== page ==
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Colorado Opiate Deaths Outnumber Homicides in 2015

Updated 01 March 2017 Written by Deborah QuinnClinically Reviewed by Sarah Fletcher, LPC, LAC
New data from the Health Department found that in 2015, the number of deaths from just one type of opioid painkiller outnumbered all homicides in Colorado over the same period of time. They were only including deaths from that they call “natural” prescription opioids (non-synthetic), like hydrocodone (Percocet), and oxycodone (Oxycontin). In 2015, 205 people died from homicide, while 259 died from “natural” prescription opioid overdose.

If deaths from synthetic opioids are added to the tally, the number of overdoses rises to 329, and adding heroin brings the total to 472. This means the number is approaching that of deaths from alcoholic liver disease, which was 500. Deaths from opioid overdose also now far exceed deaths from cocaine overdose as well.

The parts of Colorado that have been hit the hardest are Pueblo County and southeastern Colorado.

According to Governor John Hickenlooper’s plan to reduce prescription drug abuse in Colorado, Colorado ranks second worst among states for prescription drug misuse. Young adults have the highest rates of misuse: 14% of Coloradans aged 18-25 misused prescription opioids in 2012. 

Worried About Someone You Love?


You can help prevent prescription drug abuse and opioid overdose. Here’s how:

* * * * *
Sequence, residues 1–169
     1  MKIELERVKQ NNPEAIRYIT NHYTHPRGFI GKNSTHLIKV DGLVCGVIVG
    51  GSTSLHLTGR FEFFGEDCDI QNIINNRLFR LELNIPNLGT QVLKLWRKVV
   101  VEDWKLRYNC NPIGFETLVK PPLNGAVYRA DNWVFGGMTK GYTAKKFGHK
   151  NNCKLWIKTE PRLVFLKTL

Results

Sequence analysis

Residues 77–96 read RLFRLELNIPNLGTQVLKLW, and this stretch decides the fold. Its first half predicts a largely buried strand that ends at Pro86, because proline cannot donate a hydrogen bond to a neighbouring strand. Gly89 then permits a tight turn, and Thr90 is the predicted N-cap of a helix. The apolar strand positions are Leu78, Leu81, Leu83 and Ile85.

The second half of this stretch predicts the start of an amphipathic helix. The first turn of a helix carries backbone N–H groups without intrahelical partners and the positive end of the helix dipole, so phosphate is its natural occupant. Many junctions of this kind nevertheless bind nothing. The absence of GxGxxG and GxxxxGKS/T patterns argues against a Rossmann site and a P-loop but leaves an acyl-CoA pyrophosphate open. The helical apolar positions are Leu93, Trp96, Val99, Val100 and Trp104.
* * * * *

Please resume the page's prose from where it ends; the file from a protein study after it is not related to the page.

Dispose of unused pain medication.

Keeping these meds around gives more opportunity for them to be stolen or abused

Get a Naloxone prescription.

Naloxone is a life-saving opioid agonist that works by attaching to the opioid receptors in the brain, essentially “kicking off” the opioids attached to the receptors. This can reverse respiratory arrest when administered quickly in case of an overdose. Anyone can get a prescription, and there are free trainings available. If you have a loved one who is using or has used opioids, having naloxone on hand could save their life.

Monitor your kids’ prescriptions.

Doctors sometimes prescribe opioids even to teens and young adults. If for some reason your child gets an opioid prescription, be sure to monitor it carefully, and perhaps store it yourself. It is not unusual for teens to sell these pills to each other.

Seek professional help.

If you have reason to suspect a loved one is misusing prescription opioids, reach out for professional help. Sandstone Care provides evaluations for opiate abuse, as well as a full continuum of affordable treatment options. Contact us today at (888) 850-1890.